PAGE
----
The first author (A.S.) conducted the experiments with one assistant from 08:30 to 16:00 on days without heavy rain and/or strong winds (Bélisle and Desrochers 2002, Creegan and Osborne 2005) during three distinct periods: (1) breeding (6 May–17 June 2014); (2) dispersal (1 August–30 September 2014); and (3) wintering (10 December 2014–16 February 2015). We stratified the time of day at which the individual experiments were conducted to avoid the confounding of the effects of covariates and time of day.
We positioned a portable speaker (EUROPORT EPA40; Behringer, Willich, Germany) connected to a player (iPhone4S; Apple, Cupertino, California, USA or NW-E083, Sony, Tokyo, Japan) at the starting (S) and goal (G) points within 1 m from the ground and oriented the speakers to the woodland and S points, respectively. After positioning the speakers, we started playbacks at the S points and recorded the birds attracted within 10 m of the S points. We continued to play the call for 6 min unless 1 min had passed since the last new individual was attracted. Immediately after we stopped playing the call at the S points, the speaker at the G points was turned on to play the call. Then we recorded birds crossing the plots from the S to the G points. If multiple individuals of the same species formed a flock or pair, they were treated as one individual to avoid the problem of pseudoreplication. We ceased the experiment and did not collect the data when tits formed a flock ambiguously (e.g., large time lag between individuals of the same flock crossing the plot) or multispecific flocks formed. The call was stopped when 6 min had passed or all birds had crossed the plots from the S to the G points. We did not record individuals flying from anywhere other than the S to the G points. Playback volume was adjusted to 60 dB (= environmental quality standards for noise in Sapporo city) at 5 m from the speaker, and we confirmed that surveyor at the S points heard the playbacks from the G points (Tremblay and St. Clair 2009). We did not conduct a survey if mobbing calls played at the G point could not be heard at the S point (Tremblay and St. Clair 2009).
We estimated the effects of tree cover, building area, electric wire density, and season on the probabilities that focal species crossed the plots (crossing probability) using logistic regression analysis. We treated the number of individual birds that were attracted to the S point in one experiment as the number of trials, and then the number of individuals crossed the plots from the S to the G points among them as the number of successes, and the crossing probability as a success probability of the binomial distribution. We then examined the effects of the predictor variables (tree cover, building area, electric wire density, and season) on the crossing probability. We constructed models for all possible combinations of variables, ranked them using Akaike’s information criterion (AIC), and considered significant variables in the best model as meaningful predictor variables. However, we averaged the models if there were multiple well-supported models whose delta AIC scores were < 2, and significant variables in the averaged model were considered meaningful predictor variables. We calculated support for each model as Akaike weight (wi) and computed a single coefficient using the wi weighted average and the coefficient of each model. We assumed that all variables were included in every model, so the coefficient corresponding to a variable that was not selected was set to zero in some models. We used R (ver. 3.2.0) and ‘MuMIn’ R package (ver. 1.15.1) for the model selection and averaging.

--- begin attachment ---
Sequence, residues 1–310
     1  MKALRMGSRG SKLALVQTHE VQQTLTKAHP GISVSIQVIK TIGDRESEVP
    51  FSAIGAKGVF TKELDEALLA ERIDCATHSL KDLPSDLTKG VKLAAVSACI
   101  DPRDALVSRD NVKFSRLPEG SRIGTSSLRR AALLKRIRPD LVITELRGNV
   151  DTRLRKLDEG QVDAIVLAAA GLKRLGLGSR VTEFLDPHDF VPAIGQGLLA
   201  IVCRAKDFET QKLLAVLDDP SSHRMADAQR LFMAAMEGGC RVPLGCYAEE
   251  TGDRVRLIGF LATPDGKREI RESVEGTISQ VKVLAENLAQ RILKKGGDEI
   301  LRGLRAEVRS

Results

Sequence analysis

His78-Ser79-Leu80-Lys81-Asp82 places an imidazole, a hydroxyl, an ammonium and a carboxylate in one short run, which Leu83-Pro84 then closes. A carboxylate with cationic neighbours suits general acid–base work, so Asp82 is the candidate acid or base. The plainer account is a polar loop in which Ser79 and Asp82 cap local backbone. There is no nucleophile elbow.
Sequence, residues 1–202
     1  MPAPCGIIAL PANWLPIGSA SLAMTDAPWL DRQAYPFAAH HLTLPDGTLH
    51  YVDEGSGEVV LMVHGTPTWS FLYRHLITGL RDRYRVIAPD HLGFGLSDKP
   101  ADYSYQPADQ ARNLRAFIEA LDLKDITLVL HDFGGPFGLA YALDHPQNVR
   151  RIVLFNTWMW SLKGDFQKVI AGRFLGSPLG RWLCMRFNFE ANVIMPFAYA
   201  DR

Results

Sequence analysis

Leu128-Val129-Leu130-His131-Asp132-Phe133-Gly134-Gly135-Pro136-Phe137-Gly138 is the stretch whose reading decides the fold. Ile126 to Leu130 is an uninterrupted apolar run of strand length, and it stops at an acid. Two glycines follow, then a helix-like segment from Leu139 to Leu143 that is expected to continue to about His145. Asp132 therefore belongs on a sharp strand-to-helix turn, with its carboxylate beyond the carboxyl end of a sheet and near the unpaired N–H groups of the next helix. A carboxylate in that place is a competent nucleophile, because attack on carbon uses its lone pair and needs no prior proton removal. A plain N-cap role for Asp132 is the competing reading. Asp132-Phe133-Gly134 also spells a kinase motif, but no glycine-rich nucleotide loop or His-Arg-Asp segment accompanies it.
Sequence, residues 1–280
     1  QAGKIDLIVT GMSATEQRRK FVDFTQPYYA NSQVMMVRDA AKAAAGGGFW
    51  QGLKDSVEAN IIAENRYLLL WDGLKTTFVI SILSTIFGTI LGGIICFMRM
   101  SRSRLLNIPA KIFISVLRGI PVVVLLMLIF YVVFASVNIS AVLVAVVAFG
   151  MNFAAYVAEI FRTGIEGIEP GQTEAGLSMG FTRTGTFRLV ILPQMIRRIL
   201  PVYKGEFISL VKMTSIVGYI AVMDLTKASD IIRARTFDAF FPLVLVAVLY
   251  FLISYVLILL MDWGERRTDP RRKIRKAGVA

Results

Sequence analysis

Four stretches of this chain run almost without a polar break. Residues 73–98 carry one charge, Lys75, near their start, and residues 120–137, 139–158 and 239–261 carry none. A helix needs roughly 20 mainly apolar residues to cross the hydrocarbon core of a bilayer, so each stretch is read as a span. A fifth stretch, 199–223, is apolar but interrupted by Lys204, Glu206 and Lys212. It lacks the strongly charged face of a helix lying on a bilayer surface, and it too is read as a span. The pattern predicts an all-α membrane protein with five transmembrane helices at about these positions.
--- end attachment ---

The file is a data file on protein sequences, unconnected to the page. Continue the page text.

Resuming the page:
We carried out the playback experiments 250 times and observed 618 individuals for the analysis (Table 1). The model selection result showed several models that were well supported, with delta AIC scores < 2 for all focal species (Japanese Tit: six models; Marsh Tit: four models; Varied Tit: five models; and Eurasian nuthatch: six models: Appendix 2). Crossing probability was estimated to be the highest in the breeding season among the three seasons for Varied Tit (Table 2). The building area and electric wire density were not associated with the crossing probability of any of the focal species, and the RVI (Relative Variable Importance) of these variables was mostly low. The crossing probabilities of three focal species other than Varied Tit were significantly positively associated with the tree cover (Fig. 2; Table 2). When the interaction between the tree cover and season was added as a variable in the averaged model for focal species, no significant interaction terms were detected (Appendix 3).